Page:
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This study explores the current state of knowledge with respect to the effects of wet weather flows from urban areas on the physical character of aquatic habitat. It identifies knowledge gaps with respect to our ability to define the cause-effect relationships, examines the comprehensiveness of the data used in support of the published literature in the subject area, and makes a qualitative determination of the usefulness of those data for further analysis to increase our knowledge in the subject area. Finally, it recommends further research studies that will increase our knowledge in the subject area, with emphasis on pilot-scale projects that can be used to develop practical protocols for preventing or mitigating the effects.

Major findings and conclusions are: 1) we lack a solid conceptual framework for predicting the impact of large-scale watershed modifications and wet weather flows on ecological processes that influence stream communities; 2) there is a need for longer-term monitoring; 3) there is no widely accepted system for quantifying geomorphic instability and degradation of physical habitat; 4) there is a need for process-based stream classification; 5) specific links between urbanization characteristics and stream degradation are lacking; 6) there is a need for urban best management practice (BMP) assessment standards; and 7) developing a multi-scale understanding of habitat potential in human-dominated watersheds is needed.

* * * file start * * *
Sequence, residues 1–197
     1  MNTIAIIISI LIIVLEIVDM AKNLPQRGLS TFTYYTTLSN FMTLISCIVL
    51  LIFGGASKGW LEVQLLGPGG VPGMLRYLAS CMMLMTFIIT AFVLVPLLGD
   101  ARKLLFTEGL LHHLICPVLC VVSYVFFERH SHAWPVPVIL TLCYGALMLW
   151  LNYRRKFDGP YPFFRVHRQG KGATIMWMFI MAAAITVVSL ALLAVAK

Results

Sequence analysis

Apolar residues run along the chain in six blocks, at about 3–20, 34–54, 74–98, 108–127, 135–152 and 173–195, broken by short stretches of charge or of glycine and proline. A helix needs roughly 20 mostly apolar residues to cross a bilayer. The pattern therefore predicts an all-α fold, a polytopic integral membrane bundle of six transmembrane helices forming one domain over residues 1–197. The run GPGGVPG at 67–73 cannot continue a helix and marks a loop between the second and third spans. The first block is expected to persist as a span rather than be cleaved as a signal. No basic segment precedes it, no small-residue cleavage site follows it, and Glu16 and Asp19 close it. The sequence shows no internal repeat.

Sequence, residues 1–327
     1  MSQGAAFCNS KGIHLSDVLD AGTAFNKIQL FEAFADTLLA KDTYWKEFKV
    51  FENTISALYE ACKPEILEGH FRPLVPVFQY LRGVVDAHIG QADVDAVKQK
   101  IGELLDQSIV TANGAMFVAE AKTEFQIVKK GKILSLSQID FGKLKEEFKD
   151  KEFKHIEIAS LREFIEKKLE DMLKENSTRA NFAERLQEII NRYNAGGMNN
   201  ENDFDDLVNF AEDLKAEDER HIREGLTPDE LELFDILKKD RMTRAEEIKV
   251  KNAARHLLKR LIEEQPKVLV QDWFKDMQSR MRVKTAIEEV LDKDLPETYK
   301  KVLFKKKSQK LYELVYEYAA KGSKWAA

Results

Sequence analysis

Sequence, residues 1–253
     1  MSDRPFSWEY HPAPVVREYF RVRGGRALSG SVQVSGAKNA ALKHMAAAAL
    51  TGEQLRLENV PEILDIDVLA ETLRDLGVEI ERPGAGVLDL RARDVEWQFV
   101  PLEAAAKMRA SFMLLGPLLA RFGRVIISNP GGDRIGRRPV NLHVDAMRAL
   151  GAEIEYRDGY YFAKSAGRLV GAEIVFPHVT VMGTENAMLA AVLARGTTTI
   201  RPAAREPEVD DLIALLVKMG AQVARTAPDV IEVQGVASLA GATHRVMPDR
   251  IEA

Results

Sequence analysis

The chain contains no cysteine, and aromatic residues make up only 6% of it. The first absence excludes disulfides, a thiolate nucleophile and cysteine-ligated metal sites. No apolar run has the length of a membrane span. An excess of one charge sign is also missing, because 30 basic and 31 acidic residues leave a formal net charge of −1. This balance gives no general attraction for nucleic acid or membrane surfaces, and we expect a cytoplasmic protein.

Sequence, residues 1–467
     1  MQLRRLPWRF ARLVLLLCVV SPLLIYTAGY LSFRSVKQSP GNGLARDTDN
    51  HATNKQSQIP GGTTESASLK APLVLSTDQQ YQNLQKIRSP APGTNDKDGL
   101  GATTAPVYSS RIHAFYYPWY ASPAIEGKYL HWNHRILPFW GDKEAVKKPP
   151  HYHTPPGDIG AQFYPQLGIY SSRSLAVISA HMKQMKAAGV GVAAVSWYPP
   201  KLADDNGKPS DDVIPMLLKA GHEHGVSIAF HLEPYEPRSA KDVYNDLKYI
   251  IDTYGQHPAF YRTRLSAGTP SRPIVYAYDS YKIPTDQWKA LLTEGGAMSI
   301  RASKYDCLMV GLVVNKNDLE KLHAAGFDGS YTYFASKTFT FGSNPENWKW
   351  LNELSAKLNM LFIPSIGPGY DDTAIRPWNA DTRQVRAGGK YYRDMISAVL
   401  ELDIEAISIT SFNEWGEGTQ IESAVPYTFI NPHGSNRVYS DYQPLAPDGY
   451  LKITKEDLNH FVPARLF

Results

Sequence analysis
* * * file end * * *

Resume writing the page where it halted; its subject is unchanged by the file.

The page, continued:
The report recommends a research program that first and foremost, includes comprehensive, long-term monitoring augmented with mathematical modeling of the linkages between development style/drainage system design, flow regime, and multi-scale changes in physical habitat and biotic response. Improved diagnosis and predictive understanding of future change require multifaceted, multiscale, and multidisciplinary studies based on a firm understanding of the history and processes operating in a drainage basin. Detailed long-term analyses of the influence of hydrologic regime and channel morphology on differences between communities in recruitment, immigration/emigration, mortality, and age structure are also needed. Finally, future research should directly examine tradeoffs between: 1) flood mitigation versus channel roughness, habitat heterogeneity, debris inputs, and riparian protection; 2) chemical water quality improvement through extended detention versus geomorphically-based flow regime controls; and, 3) rehabilitation of aquatic habitat using static features versus allowing the potential for dynamic adjustments in channel form and habitat structure.

It is extremely important that the research be pragmatic, and focus on developing pilot/demonstration studies that will lead to design guidance that municipalities can use to design new systems, or improve existing systems, that will protect not only the safety and welfare of the citizenry that it serves, but also the aquatic ecosystems in the streams that receive the wet weather discharges from these urbanized sites.

 

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